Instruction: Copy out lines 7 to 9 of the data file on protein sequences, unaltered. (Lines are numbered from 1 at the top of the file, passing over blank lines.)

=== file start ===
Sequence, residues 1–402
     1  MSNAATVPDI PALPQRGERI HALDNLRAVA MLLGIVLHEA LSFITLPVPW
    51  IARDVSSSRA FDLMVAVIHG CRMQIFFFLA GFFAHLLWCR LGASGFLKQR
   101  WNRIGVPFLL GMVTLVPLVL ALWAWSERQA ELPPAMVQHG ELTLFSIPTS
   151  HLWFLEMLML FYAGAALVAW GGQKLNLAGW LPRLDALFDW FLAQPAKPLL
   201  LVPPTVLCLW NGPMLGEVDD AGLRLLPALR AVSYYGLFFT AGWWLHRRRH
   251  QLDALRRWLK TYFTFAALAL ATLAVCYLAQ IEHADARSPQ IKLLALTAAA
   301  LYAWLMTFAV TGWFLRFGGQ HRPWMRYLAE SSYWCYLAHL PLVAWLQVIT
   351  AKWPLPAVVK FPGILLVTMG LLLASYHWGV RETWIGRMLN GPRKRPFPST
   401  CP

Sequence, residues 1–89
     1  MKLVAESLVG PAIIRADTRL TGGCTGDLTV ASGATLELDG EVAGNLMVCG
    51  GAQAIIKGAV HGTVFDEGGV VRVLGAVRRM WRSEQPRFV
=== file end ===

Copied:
   251  QLDALRRWLK TYFTFAALAL ATLAVCYLAQ IEHADARSPQ IKLLALTAAA
   301  LYAWLMTFAV TGWFLRFGGQ HRPWMRYLAE SSYWCYLAHL PLVAWLQVIT
   351  AKWPLPAVVK FPGILLVTMG LLLASYHWGV RETWIGRMLN GPRKRPFPST